The ISI idea is simple. By making products themselves, small countries create jobs and rely less on other nations. The ISI thus is based primarily on the internal market. The product is sold to the home market. The USA is a huge market. In fact, it is the largest market in the world. It represents 25% of the total world market. Therefore, products built in the US through efficient means should be able to sell in the US, unless, of course there is unfair competition from other countries as there is now.
In truly developing countries, ISI is a total package. It works by having the state lead economic development through nationalization, subsidization of vital industries (including agriculture, power generation, etc.), increased taxation to fund the above, and highly protectionist trade policy. I would look towards a modified ISI approach for our reindustrialization.
For example, nationalization of American home based industries is very important. However, it is not the kind of nationalization in which private industry becomes controlled by the government. Instead it is the second definition of nationalization, “To make national in character, scope, or notoriety.” For our rebuilding it would be an exaggerated form of “buy American.” Yet, the producers of goods and services do not have to be American companies. Any company with an American-first attitude regarding site locations and employment would benefit from the new notion of nationalization. Products made in America would be known as American products no matter who made them. Products made in other countries would be imports regardless of whether they were made by corporations chartered in the US or in other countries.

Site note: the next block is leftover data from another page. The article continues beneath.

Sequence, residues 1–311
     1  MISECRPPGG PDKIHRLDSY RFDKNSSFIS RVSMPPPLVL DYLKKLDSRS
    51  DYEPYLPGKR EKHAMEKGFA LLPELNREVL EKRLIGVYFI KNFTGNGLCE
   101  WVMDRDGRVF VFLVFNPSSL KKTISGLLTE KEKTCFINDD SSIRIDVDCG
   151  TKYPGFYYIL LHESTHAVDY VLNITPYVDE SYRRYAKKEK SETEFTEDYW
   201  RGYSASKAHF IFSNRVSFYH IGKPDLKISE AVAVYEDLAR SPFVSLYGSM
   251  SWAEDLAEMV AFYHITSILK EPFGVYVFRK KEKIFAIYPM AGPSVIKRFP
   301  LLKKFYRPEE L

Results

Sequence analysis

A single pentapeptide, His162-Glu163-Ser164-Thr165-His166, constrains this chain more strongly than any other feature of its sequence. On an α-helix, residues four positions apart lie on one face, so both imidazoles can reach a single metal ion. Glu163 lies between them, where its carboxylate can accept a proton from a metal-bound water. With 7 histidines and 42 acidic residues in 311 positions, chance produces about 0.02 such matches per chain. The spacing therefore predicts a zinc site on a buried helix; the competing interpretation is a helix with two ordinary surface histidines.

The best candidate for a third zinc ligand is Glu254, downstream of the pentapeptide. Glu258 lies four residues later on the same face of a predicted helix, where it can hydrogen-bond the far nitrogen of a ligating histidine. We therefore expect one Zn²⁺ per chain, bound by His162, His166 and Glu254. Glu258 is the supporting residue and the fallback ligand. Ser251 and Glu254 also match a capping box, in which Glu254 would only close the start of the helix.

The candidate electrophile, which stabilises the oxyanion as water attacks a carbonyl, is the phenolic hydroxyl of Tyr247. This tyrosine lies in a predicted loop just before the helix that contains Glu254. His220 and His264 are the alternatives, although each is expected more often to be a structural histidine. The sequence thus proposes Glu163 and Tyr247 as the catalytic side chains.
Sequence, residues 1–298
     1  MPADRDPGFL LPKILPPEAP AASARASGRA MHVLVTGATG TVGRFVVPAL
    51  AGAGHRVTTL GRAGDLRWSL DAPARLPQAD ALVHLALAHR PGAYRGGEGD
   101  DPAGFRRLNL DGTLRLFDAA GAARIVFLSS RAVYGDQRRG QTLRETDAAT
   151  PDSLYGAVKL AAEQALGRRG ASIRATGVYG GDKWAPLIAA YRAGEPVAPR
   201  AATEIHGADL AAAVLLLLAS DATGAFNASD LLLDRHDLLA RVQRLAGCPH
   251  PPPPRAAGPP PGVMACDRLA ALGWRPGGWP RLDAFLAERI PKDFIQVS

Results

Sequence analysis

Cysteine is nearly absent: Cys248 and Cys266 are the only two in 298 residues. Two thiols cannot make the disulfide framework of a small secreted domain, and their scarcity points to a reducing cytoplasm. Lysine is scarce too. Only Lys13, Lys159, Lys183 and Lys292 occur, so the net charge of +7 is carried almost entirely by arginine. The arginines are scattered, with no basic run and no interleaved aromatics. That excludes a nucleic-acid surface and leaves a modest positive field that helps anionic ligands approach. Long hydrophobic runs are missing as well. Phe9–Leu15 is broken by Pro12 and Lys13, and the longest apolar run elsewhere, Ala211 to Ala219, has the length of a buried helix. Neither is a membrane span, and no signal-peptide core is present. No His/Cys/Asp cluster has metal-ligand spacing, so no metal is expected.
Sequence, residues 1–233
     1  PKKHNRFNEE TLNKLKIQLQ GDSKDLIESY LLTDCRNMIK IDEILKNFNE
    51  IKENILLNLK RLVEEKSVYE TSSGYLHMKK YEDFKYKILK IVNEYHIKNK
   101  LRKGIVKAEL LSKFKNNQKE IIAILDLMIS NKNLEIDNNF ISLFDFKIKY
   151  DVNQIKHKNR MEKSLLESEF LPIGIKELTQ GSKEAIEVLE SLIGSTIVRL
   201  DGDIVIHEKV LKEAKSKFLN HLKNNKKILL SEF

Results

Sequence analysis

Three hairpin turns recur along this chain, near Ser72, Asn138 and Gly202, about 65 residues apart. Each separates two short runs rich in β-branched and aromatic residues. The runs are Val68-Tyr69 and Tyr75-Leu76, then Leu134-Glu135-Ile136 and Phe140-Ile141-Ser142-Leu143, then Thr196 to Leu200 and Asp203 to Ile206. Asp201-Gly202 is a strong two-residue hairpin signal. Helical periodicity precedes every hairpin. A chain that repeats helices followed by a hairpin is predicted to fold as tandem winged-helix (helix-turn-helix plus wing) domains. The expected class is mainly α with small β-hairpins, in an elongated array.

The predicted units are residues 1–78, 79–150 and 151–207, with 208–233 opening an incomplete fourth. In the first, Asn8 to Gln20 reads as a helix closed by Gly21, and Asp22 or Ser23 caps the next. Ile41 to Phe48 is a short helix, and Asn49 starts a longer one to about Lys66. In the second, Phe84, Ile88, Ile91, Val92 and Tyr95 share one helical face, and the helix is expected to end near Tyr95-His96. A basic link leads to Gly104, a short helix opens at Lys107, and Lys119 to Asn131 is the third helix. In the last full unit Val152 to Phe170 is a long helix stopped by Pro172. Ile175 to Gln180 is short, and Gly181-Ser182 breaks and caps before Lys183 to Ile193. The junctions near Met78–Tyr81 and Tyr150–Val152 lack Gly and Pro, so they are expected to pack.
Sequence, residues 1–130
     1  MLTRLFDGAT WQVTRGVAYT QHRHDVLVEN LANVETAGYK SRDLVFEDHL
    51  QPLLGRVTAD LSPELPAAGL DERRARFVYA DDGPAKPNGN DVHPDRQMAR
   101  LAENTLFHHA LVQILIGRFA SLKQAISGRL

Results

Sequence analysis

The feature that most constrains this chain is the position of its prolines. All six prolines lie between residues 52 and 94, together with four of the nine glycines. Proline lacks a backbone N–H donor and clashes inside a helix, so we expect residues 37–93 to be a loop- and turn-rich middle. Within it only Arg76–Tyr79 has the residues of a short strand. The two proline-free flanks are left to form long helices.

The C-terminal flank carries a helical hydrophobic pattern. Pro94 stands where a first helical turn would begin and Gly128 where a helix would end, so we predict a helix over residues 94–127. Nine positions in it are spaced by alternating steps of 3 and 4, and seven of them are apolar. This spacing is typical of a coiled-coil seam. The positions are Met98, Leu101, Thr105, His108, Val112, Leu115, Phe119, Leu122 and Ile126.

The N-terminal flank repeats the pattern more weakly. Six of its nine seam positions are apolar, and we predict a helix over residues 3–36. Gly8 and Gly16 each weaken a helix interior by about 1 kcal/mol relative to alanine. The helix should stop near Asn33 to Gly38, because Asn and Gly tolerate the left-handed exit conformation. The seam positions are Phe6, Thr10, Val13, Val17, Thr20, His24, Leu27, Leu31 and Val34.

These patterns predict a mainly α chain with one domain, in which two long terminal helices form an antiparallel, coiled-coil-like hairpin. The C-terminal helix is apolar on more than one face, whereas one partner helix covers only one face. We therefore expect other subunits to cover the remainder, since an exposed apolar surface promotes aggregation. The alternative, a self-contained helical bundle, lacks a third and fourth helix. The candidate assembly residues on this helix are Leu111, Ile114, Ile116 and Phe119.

Government-induced industrialization through governmental spending was the formula for ISI and it was the way the concept was practiced in developing countries such as Latin America and Asia in the mid 1900’s. The model was largely influenced by Keynesian thinking, and that is why the ISI notion was not as successful as it could have been. The American people are fed up with big government and big bailouts and Keynesian economic theory such as that practiced by Jimmy Carter and Barack Obama. So the Keynesian part of ISI would be a no-go and that would give ISI a better opportunity to succeed in America.
We already have enough evidence with GM and other government ventures such as Solyndra that government does not belong in any US industry. Government is the worst entity to operate a profit oriented organization. However, government can certainly choose sides so that it clearly favors all domestic-based companies over those that engage in profit by offshoring.
As you are digesting that last sentence, you probably noticed that there is one word that needs to be changed. The US government with its free trade policy and its anti-American trade agreements with 17 different countries and its being a proponent of offshore outsourcing to this day, does not have to choose sides. It has already chosen the other side. It is time for American leaders to change sides. Choose America first. It’s about time.